The hardest part of this hike is the long gravel road drive approaching the trailhead, a twenty minute schlep that's still totally worth it.
Drift Creek Falls Trail #1378 is a relatively new trail opening for the first time on September 12th, 1997. Before this time the area and the falls were left mostly unexplored other than some adventurous anglers.
The bridge is built by a Seattle company that specializes in building bridges in remote locations like this. Unfortunately, their company was called to the scene after an accidental death during a US Forest Service bridge building accident.
The bridge serves as a memorial to Scott Paul, the US Forest Service foreman who died at the scene.
The bridge ran a cost of $175,000 and total project costs for the park were $225,000. Even for 1997 these figures seem low but that's what you get when private companies bid accurately on government contracts.
The bridge used materials carried in by workers a quarter-mile away from the nearest forest service road and outfitted special bicycles to haul loads. The heavier materials and concrete were brought in with air support from helicopters.
After everything was finished it concluded the 1989 dreams of the Siuslaw National Forest Rangers and leaves a remarkable trail in Oregon with a unique, one of a kind setting.
You can read more from this 1997 article in the Seattle Times about the construction and opening of this trail here!
About The Hike
The Drift Creek Falls hike is suitable for hikers of all ages and offers something for everyone. The coastal range forest with old growth trees, a massive suspension bridge, and of course a stunning PNW waterfall.
The hike is backwards in elevation meaning that from the trailhead you will descend in elevation until reaching the base of the waterfall.
The trail is an out & back with the option to loop a piece if desired. The out & back distance is a little over three miles with the bridge and the waterfalls being at the far end of this hike.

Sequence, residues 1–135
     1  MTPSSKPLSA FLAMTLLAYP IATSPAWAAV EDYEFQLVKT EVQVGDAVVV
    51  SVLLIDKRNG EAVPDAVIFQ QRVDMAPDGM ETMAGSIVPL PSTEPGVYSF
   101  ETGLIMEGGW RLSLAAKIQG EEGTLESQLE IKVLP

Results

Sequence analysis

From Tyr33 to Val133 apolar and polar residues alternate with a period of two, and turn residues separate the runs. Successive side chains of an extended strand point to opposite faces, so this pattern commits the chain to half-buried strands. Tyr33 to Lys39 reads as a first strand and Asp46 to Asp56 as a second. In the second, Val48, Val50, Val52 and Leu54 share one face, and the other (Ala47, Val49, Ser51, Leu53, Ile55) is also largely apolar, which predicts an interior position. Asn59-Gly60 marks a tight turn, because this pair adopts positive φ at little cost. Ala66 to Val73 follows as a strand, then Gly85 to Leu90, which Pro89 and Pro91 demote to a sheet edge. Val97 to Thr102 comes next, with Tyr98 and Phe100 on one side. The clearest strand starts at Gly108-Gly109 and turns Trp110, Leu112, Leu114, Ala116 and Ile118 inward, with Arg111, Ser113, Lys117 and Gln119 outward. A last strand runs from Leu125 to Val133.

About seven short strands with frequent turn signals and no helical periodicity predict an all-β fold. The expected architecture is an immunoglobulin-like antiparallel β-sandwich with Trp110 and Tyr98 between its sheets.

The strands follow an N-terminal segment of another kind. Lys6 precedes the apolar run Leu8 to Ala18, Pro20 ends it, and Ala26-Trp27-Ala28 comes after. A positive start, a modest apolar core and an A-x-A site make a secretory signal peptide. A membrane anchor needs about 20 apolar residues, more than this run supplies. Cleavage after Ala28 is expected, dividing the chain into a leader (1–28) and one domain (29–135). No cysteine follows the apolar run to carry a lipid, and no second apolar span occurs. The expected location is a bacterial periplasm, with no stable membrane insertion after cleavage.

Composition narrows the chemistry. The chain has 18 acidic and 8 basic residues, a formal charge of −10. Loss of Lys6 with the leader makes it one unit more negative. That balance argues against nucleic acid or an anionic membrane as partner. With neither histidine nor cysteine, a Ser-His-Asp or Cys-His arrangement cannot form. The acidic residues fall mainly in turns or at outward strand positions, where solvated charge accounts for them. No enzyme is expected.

To get to the base of the falls there are two different ways. The path after crossing the suspension bridge continues to the base or you can head straight towards the waterfalls and use the unmarked trails with some ropes put in for assistance to climb down to the falls.
The falls are always flowing but the flow can be drastically increased in times of heavy rainfall in the spring. You can check some pictures out here of what I mean.
There is no option to continue further along on this hike or connect to other trails in the area.
Drift Creek Falls:
Distance: 3.2 Miles
Type: Out & Back
Ascent: 541 feet
Getting There and Important Information
So everyone in the reviews that I've read love to complain about how long and bad the drive in was.
One review on AllTrails even said as much that they enjoyed the hike but wouldn't recommend it to others because of the drive in. Like okay Karren, it's really NOT THAT BAD.
But that could be her way of trying to keep people away so she can keep coming back for years with less crowds. Who knows, but either way the road is in great condition for being a forest service road into the middle of nowhere.
The closest town is the coastal town of Lincoln City, Oregon which will be about a 40 minute drive out to the trailhead with half of that being on 20mph back roads.
There is a day use fee of $5 to use this area.
There are no signs stating overnight parking and camping are not allowed. I enjoyed a nice car camping spot at the trailhead and started my hike at first light.
Although I had the entire park to myself, I have heard this area does get heavy traffic from the coastal highway tourist.
It is state forest land so any state forest camping rules are to be in effect too.
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